Golf Grants Help Young People and the Disabled Discover Golf

| October 21, 2013 | 2 Comments

Golf GrantsAround 30 million Americans regularly enjoy the game of golf. It is a favorite pastime for people of all ages and from all socioeconomic backgrounds. But the costs associated with the game from purchasing golf clubs to paying greens fees often keep some from being able to experience the love of golf for themselves. And for this reason, several well-known golf organizations offer golf grants to support programs that expand the opportunity to play to young up and comers in the golf world and to other underserved populations of golf lovers across the United States. It is through this generosity that the golfing community continues to expand ensuring the health of the sport for years to come.

American Junior Golf Association
With initial support from Rolex, the AJGA started the ACE Grant Program in 2004 to assist junior golfers who lacked the proper financial support necessary to compete in competitive junior golf events. The program was conceived in response to the fact that many talented young golfers simply did not possess the resources to afford to play in these events where players compete for college golf scholarships. So the AJGA stepped in to open up this opportunity to those who could not afford the prohibitive costs necessary to play golf on their own. The ACE Grant has since awarded over $1.5 million in funding to almost 500 junior golfers and plans to expand the program until all young golfers who show financial need can receive adequate help. To apply for an ACE Grant, you must be a member of the AJGA. But if you are found to be ineligible for the grant program and have not entered any events, you can request to have your membership fee refunded. The ACE Grant is a needs based grant program but junior players must also be able to qualify for competitive golf events on their talent alone to be considered for funding.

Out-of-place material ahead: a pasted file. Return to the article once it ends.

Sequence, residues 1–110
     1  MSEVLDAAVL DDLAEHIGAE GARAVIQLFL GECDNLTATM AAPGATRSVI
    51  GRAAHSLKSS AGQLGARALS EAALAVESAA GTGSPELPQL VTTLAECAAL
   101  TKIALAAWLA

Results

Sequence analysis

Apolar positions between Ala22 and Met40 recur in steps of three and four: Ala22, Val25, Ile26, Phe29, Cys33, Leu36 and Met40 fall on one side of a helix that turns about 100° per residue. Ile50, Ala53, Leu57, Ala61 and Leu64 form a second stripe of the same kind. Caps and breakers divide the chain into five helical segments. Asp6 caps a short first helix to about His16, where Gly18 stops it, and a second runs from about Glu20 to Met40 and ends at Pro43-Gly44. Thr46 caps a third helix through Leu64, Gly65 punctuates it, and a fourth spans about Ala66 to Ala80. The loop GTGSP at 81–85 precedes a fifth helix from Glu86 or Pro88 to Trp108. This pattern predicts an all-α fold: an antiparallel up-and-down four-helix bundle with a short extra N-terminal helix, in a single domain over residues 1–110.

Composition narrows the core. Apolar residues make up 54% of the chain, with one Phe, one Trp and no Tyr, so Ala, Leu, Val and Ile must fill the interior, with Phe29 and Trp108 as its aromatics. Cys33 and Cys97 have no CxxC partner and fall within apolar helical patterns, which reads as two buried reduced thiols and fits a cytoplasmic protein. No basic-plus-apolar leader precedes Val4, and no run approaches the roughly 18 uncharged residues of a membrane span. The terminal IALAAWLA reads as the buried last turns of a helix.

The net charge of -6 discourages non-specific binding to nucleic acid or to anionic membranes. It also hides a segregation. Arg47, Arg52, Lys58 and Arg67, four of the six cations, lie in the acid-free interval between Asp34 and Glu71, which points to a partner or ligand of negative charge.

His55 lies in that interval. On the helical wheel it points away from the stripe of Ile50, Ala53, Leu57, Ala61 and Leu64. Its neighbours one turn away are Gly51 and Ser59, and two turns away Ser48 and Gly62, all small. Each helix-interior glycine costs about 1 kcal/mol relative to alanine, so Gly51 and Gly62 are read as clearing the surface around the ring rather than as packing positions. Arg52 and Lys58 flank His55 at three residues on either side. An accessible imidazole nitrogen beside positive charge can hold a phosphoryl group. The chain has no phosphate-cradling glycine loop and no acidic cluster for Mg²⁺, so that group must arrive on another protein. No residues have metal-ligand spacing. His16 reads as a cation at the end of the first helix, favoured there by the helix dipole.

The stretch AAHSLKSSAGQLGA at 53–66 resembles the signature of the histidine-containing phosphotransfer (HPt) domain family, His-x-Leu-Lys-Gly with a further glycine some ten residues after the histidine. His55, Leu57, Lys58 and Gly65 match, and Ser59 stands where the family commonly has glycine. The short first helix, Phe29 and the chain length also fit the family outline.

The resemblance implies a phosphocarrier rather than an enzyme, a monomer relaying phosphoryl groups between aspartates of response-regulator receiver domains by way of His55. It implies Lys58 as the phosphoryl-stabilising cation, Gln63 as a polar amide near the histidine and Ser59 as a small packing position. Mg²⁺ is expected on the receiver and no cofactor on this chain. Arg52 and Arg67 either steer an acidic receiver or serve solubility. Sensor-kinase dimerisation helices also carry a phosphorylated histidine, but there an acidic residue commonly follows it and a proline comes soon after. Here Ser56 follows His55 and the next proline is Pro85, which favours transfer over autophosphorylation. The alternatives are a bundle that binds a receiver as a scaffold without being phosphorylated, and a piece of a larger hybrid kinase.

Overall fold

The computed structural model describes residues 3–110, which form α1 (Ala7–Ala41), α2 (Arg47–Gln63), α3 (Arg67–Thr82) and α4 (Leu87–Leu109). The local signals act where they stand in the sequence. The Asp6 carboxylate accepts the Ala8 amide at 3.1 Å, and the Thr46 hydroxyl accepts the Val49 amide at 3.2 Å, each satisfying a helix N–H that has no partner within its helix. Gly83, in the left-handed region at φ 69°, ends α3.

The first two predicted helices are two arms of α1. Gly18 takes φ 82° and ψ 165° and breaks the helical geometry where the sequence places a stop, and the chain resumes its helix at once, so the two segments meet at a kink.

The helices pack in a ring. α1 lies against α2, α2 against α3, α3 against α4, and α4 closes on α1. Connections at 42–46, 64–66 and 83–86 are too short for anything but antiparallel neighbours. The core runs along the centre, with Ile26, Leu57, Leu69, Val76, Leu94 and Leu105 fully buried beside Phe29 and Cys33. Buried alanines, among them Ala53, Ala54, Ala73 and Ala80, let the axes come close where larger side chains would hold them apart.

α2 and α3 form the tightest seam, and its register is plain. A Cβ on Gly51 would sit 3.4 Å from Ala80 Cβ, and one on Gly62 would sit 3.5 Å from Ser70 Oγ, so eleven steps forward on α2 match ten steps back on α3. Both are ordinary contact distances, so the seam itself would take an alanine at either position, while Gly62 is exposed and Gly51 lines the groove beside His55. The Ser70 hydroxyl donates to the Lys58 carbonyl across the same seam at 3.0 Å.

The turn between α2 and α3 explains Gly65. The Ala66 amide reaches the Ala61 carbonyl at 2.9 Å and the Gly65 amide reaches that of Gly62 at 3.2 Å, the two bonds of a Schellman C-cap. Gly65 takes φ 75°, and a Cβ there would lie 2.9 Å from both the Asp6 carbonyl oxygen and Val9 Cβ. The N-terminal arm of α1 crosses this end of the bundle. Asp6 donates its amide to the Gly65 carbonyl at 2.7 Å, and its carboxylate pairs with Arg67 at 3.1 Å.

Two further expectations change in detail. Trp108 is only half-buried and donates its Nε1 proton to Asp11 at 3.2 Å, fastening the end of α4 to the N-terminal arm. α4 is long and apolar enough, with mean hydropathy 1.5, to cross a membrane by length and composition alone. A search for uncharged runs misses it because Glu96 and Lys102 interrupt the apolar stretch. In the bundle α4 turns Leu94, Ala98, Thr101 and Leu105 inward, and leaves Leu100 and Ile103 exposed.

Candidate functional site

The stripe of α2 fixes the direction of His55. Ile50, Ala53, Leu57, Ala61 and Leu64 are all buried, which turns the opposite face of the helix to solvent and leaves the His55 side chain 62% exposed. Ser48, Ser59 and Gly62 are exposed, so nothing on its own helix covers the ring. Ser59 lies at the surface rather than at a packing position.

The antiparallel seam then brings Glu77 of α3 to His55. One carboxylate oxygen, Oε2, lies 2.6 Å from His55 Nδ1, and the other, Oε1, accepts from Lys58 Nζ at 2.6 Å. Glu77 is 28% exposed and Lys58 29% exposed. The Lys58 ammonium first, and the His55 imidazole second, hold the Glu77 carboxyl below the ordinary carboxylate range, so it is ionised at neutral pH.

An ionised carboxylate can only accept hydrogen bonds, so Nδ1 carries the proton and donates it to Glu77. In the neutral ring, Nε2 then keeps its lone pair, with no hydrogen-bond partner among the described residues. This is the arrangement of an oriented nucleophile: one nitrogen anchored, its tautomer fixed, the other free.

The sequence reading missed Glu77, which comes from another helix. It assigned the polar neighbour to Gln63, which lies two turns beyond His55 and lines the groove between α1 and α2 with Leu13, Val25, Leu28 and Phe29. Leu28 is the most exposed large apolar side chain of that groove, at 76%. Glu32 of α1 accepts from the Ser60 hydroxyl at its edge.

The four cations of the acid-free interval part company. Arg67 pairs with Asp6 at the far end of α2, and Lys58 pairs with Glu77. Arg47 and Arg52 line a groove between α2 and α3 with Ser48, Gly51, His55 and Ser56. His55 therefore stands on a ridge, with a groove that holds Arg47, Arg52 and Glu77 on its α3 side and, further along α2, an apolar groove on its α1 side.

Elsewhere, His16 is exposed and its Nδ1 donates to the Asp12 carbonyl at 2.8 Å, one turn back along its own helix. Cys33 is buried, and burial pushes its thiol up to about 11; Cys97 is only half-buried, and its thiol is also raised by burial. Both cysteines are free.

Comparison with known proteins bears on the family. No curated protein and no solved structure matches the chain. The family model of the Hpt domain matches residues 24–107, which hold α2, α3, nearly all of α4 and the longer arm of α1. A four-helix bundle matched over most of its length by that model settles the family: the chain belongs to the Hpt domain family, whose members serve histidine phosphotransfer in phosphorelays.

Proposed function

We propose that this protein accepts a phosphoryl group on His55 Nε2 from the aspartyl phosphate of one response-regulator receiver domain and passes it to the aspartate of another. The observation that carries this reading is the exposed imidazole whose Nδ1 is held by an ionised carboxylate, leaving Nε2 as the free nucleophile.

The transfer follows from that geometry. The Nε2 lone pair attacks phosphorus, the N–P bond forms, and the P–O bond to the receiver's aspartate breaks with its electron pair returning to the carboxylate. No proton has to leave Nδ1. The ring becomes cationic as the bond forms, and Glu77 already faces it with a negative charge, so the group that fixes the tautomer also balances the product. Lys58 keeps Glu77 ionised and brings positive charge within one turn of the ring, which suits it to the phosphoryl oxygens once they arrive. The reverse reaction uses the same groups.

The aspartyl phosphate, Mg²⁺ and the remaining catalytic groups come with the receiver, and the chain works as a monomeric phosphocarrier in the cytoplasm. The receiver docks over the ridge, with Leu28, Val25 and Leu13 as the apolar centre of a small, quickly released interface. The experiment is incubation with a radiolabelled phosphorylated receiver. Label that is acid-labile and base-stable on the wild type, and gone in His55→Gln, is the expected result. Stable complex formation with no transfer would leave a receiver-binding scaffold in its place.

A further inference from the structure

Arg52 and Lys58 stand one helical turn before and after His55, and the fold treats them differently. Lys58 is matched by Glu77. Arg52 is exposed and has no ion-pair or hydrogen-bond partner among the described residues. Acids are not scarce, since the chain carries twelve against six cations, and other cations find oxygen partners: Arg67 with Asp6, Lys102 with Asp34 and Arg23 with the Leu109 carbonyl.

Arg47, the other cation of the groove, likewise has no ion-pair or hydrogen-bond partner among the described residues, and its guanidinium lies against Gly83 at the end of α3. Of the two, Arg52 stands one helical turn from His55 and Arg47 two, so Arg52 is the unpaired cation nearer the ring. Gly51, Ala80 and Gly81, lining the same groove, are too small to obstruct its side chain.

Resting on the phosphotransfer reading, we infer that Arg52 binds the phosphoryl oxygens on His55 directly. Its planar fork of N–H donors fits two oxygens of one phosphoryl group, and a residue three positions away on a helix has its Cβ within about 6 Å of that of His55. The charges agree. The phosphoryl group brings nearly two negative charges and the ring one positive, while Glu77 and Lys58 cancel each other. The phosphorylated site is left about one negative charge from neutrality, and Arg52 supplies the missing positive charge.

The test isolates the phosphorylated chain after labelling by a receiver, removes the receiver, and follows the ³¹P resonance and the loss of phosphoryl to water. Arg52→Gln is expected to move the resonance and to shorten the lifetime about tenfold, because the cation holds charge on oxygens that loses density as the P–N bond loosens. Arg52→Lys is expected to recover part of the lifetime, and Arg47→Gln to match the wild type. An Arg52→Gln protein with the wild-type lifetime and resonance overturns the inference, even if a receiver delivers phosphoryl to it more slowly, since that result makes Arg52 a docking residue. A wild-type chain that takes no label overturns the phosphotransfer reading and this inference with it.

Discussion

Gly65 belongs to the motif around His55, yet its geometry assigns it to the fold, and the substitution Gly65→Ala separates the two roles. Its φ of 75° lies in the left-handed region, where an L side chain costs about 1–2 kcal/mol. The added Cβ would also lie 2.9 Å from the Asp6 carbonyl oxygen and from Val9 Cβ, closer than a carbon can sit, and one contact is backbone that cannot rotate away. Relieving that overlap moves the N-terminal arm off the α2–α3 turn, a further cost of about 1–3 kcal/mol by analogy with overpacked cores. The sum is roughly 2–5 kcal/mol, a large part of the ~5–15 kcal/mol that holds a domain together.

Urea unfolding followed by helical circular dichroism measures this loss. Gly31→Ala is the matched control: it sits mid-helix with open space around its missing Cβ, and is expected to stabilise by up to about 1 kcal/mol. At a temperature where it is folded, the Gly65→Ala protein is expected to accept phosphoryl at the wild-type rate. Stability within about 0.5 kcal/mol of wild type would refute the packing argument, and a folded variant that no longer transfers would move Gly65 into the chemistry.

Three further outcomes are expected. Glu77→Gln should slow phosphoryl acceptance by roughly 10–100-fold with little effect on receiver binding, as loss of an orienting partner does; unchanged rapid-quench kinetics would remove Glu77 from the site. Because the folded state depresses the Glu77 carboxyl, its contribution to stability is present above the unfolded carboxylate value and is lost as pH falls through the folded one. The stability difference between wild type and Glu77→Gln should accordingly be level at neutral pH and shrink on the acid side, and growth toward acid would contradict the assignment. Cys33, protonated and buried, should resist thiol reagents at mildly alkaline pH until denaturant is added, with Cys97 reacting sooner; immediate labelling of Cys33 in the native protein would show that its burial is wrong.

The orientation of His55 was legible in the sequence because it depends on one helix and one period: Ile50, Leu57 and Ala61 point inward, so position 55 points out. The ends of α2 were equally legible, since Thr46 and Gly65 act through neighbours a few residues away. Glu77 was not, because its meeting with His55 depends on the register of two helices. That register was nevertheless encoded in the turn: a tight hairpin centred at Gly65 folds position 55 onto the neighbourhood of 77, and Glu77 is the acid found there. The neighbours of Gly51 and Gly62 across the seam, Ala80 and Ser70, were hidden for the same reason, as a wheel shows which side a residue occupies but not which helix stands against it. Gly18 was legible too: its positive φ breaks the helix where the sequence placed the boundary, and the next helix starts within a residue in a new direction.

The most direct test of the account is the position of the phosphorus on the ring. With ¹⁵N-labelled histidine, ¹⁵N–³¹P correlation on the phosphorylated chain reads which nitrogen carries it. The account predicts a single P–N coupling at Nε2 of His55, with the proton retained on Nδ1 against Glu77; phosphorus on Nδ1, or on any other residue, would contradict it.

National Alliance for Accessible Golf
The NAAG was founded in 2001 as an advocate for disabled Americans involved in the game of golf. It is the overall mission of the alliance to expand opportunity for people with disabilities to be able to experience the social and health benefits of the active lifestyle which golf provides. Through partnership with the USGA, this organization offers grants to other non-profit organizations that provide golf programs for those with disabilities and to golf programs that seek to include disabled players in their already successful community programs. The alliance accepts applications for these golf grants on a rolling basis with a typical turnaround of 1-2 months for review. If you have any questions about how your organization can benefit from these accessible golf program grants, send an email to

United States Golf Association
The USGA was founded way back in 1894 and has taken the lead in the American golfing community ever since. The organization’s many contributions to golf in the United States include the standardization of game rules, the establishment of the player handicap system and the creation of a national championship. Its major commitment in philanthropy is to the support of junior golf programs that expand the opportunity to play golf in young, underserved populations. Through these USGA Junior Golf Grants, the organization provides matching funds to groups that provide junior golf programs. Funds can be used to purchase golf equipment, afford quality lessons, pay for course and range fees and provide transportation for participants. Grant requests are accepted year round and are evaluated on a number of factors. If you have any questions about the program, contact the USGA by emailing or by dialing 719-471-4810.

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Category: Non Profit Organization Grants, Other Grant Information

About the Author ()

Kipp is the Contributing Editor for, covering sources of potential funding in the world of grants. His mission is to assist people like you by locating and sharing private, non-profit and government grants. Got a question or a tip on a neat grant? Connect with him now at Facebook Twitter

Comments (2)

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  1. Dan Breslin says:

    Thank you for your information! It was exactly what I was looking for, but not exactly what I wanted to hear. Thanks again. Dan

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